The serious time commitment for a club sport may be part of the reason the team has so few members, but according to Sutton the time commitment is manageable and the experience is very rewarding. From meeting great people, to traveling to different schools and staying at hotels, Sutton said, “It is the ideal club, it’s a lot of time, but totally worth it.”
The squash season officially ended two weekends ago with the national tournament, which was located in Stamford, Connecticut. Going into the tournament, Swarthmore was seeded into the G bracket, which competes for Hawthorn Cup. There were eight brackets in total, A-H, A representing the colleges, mostly Ivys, that had the best overall records, while the lowest bracket, H was comprised of teams with the poorest records.
To understand how Swarthmore fared this season at nationals, it is important to understand the college squash league and the structure and nature of the competition. There are around 115 colleges and universities, predominantly located in the mid atlantic and northeast that compete in what is known as the CSA, or the College Squash Association. Some teams, like Swarthmore’s, are clubs, while others, such as those in the Ivy League, are varsity sports with coaches and recruiting. However, Swarthmore is one of the few teams that is co-ed.
Swarthmore ended up placing fifth in the Hawthorn Cup, finishing ranked No. 53 in the country. Swarthmore likely could have finished higher had it not been for a heartbreaking loss against Lehigh. Swarthmore lost the match 6-3, but many of the matches went to five sets and were decided by only a few points. Lehigh ended up finishing second in the bracket, losing to Colgate in the final.
Swarthmore’s success this season can be attributed to the four seniors on the team, Amanda Izes, Matt Peterson, Davy Qi and Nathaniel Sandalow-Ash. Senior captains Qi and Sandalow-Ash have done a great job of building the program. Additionally, a recent emphasis on recruiting first-years into the program has helped Swarthmore compete against varsity programs across the country.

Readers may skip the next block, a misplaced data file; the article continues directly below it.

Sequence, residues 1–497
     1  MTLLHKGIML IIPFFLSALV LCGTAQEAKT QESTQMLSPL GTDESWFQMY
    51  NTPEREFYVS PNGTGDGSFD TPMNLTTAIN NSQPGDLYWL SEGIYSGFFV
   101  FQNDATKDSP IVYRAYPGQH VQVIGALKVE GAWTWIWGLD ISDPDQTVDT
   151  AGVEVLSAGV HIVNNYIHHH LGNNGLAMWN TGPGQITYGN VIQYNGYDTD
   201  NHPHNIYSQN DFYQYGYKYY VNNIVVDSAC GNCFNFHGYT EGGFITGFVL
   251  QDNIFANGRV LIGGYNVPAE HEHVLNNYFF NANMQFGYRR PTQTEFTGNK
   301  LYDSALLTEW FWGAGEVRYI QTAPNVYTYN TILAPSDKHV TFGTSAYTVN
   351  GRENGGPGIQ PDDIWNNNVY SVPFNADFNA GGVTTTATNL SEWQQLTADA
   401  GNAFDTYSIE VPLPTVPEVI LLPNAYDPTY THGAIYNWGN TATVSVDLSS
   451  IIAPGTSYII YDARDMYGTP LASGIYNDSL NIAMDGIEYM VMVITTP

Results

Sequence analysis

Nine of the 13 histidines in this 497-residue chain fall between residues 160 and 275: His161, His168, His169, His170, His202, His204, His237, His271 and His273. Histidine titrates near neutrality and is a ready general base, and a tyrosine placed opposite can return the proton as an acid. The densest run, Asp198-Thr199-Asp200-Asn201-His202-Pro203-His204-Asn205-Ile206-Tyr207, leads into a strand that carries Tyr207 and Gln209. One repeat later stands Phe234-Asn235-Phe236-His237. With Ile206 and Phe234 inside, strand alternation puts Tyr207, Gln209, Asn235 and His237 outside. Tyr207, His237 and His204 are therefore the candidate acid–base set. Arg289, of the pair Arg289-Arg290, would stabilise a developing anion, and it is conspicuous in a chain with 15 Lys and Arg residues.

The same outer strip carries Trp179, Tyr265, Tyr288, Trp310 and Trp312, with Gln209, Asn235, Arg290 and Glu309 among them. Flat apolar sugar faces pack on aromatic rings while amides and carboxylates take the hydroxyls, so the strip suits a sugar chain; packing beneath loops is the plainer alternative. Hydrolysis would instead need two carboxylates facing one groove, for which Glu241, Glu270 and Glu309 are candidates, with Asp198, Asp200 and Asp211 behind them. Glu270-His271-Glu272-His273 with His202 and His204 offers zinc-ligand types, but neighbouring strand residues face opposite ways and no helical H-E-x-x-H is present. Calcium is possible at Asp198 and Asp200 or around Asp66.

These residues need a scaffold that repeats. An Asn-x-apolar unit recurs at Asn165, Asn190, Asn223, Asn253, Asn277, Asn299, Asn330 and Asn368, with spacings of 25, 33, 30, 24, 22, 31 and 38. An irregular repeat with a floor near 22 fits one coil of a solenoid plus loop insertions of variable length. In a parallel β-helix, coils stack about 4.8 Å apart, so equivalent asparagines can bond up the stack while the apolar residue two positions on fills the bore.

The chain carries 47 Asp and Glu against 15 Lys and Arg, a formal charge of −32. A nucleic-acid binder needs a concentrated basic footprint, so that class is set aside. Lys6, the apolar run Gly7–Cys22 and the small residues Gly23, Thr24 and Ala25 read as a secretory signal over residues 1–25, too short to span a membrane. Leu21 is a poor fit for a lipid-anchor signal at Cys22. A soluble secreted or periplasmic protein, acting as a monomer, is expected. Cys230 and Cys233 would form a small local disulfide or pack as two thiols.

Next season, however, the squash team is losing all four of their seniors and top players. The club will also likely be forced to practice at Haverford’s squash courts because their current practice courts are closing. This certainly presents a new challenge for the team, but Sutton has faith in the leadership to come to a solution. With rising junior Nathan Pitock and rising senior Robert Gunn taking over the captaincy, Swarthmore’s young core will look to continue to improve the team.
As a tennis star in high school, Sutton found the transition to squash relatively fluid, but he encourages all students, experience or no experience, to come out for the team. The sport has grown since its revitalization in 2008 because of the group of students who run and manage the club. Swarthmore has managed to continually improve in part because of their consistency throughout the year, but also because of extremely high player retention rate. With the group of players that the team has now, club squash will look to build off of their continued commitment and success.